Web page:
The rise of the quantified athleteJan-Eric Wargelin
Ultimate competitiveness is not possible without data - in sports, business, or life.
Banking is getting wild. The key to survive in the banking disruption is connecting with customers.
“What are your goals in life?” an officer asks from me. I’m not sitting in a therapy or a life coach meeting. I’m discussing my finances with my bank’s officer. This will soon be the reality. In the core of banking business will be much more than money: the question will be, how can you live the life you dream?
Today we are witnessing a record number of retail chains in bankruptcy - yet banking and other industries have managed to fly under the radar of e-commerce. This is about to change.
The banking industry is on the list of industries to be disrupted next. Tech giants are pouring money into banking and establishing new partnerships within the industry. Investments have increased six times from 2,5 billion dollars in 2004 to 15 billion dollars in 2016 (CB Insights). At the same time, new products, technologies, services, and applications are introduced continuously by startups.
So, what must banking companies do next?
”Banking is necessary; banks are not.”
Bill Gates, 1990
Banks need to take action as they soon might end up losing the customer interface to tech giants, fintechs and others offering financial services. The change will be a reality as soon as the PSD2 directive open their doors for 3rd party providers. What makes the threat so powerful is that banks are having a hard time meeting the current customer requirements as customer experience standards are being set by GAFA (Google, Amazon, Facebook, Apple) companies. Furthermore, 73 percent of Millennials would change their banking relationship to tech giants according to Google.
Although 68 percent of bankers fear that PSD2 will cause them to lose control of the client interface, many of them remain unsure how to respond to the new directive. As a result, they are adopting a defensive, wait-and-see strategy based on survey by Strategy&.
To survive banks need to get closer to the customer.
Brands like Apple and Nike are great examples of how to connect with customers by responding to an emotional side of consumer behavior. Nike is extremely good at communicating the certain lifestyle associated with their products by using superstars like Michael Jordan in highly inspirational footage. Whereas Apple has the ability to use the hype created around their products and brand in their pricing strategies. As a result, Apple’s customers are happy to pay the premium price.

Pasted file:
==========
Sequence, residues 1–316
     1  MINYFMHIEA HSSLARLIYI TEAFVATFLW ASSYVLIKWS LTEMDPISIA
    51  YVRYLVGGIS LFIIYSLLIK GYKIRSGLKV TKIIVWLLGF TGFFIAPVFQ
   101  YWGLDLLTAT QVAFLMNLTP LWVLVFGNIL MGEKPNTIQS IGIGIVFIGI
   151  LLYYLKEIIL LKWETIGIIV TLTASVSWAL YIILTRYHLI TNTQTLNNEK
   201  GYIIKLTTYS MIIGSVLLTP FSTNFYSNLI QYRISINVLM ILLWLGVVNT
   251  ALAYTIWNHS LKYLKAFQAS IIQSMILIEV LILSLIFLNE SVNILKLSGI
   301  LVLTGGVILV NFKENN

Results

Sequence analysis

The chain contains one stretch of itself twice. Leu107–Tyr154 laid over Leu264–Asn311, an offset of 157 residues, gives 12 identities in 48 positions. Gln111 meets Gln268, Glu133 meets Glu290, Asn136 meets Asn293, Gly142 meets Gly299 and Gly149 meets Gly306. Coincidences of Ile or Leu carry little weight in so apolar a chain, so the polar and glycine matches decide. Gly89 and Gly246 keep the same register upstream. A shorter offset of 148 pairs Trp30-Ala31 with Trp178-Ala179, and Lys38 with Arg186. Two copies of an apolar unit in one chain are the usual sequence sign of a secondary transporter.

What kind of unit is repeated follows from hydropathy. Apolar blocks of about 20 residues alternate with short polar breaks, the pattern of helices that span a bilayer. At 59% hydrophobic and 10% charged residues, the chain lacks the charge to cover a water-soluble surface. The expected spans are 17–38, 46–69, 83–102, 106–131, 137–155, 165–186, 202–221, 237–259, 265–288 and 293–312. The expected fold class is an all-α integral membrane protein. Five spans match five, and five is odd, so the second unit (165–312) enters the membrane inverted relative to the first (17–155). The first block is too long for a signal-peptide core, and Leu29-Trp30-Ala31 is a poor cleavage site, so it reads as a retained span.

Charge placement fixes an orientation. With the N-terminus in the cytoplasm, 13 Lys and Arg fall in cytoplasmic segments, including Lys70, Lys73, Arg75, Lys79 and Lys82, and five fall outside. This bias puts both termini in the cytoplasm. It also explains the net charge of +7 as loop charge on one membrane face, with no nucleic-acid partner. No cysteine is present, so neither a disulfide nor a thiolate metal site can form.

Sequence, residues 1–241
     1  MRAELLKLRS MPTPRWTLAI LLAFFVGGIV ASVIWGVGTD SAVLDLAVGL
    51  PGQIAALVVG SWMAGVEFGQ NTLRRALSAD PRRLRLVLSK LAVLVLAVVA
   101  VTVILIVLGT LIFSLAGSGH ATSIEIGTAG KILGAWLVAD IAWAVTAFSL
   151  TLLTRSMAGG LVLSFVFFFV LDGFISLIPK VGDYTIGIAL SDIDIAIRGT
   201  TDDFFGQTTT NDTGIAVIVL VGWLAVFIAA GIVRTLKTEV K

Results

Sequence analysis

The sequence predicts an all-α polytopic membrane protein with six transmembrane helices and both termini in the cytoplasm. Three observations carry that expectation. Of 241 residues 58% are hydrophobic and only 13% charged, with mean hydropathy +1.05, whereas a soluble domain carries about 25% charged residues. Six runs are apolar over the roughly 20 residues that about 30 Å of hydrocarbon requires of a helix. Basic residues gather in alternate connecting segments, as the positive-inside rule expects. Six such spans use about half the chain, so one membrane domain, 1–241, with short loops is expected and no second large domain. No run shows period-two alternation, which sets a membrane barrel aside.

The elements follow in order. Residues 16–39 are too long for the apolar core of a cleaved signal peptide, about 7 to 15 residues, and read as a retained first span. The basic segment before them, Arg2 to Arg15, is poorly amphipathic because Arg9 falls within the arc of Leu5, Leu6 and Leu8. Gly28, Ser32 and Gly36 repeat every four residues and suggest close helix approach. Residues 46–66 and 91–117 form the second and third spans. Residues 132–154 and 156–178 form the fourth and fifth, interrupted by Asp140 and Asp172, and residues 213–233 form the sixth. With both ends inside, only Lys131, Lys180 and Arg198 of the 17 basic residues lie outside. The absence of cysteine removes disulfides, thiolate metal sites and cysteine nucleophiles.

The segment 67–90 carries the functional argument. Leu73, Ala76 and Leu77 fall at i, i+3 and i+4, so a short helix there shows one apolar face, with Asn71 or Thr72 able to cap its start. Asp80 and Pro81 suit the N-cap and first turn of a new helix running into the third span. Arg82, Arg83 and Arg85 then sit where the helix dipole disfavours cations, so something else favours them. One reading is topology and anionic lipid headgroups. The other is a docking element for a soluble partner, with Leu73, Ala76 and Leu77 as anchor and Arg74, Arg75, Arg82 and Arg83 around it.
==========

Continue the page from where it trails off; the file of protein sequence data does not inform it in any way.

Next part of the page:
”If people believe they share values with a company, they will stay loyal to the brand.”
CEO of Starbucks and owner of NBA team Seattle Supersonics
Currently, Banks fail to make an emotional connection with their clients. Social Scientists have shown that positive emotions related to a brand have a high impact on building a meaningful and loyal relationship. Even the most rational types of customers have shown to make their purchase decision based on irrational thinking.
To connect with customers and enjoy the benefits of loyal customers, banks must include their branding, products, communication and the whole banking experience. In particular - Banks must rethink their position towards the increasingly digitalized world. Why do they exist? And what do they ask from customers in the first place? At least, the question is not how much do you want to save or do you want to talk about money.
Clarify and differentiate value proposition
Banks must differentiate themselves to beat the competition. Banks will become attractive by being relevant, consistent, promoting themselves intelligently and genuinely responding to the customer needs of tomorrow across all touch-points. Today’s environment with a high level of price sensitivity and increased product research - value proposition matters more than ever.
Rethink services and products
Instead of pushing products to their customers, banks need to rethink their product portfolio and focus on a customisable offering. By designing the offering based on customer’s stage in life and delivering value-added banking and non-banking products, banks can increase loyalty and share of wallet.
Focus on relevancy in communication and content
Every single touchpoint is an opportunity to communicate the brand and its value proposition. As the number of channels increases and customer journeys are becoming more complex banks are forced to broaden their communication, storytelling and content strategies. Furthermore, irrelevant communication has shown to have a negative impact on brands – focusing on content relevancy is utterly essential.
Enhance user experience
Banks need to look at other industries as the customer experience is being set by GAFA companies. Delivering a positive feeling with smart and consistent experiences is critical for every user. Putting passion and authenticity will capture the customer’s emotional side. Delivering a transparent, simple and smart banking experience is the norm of today.
Jens is a strategist at Motley.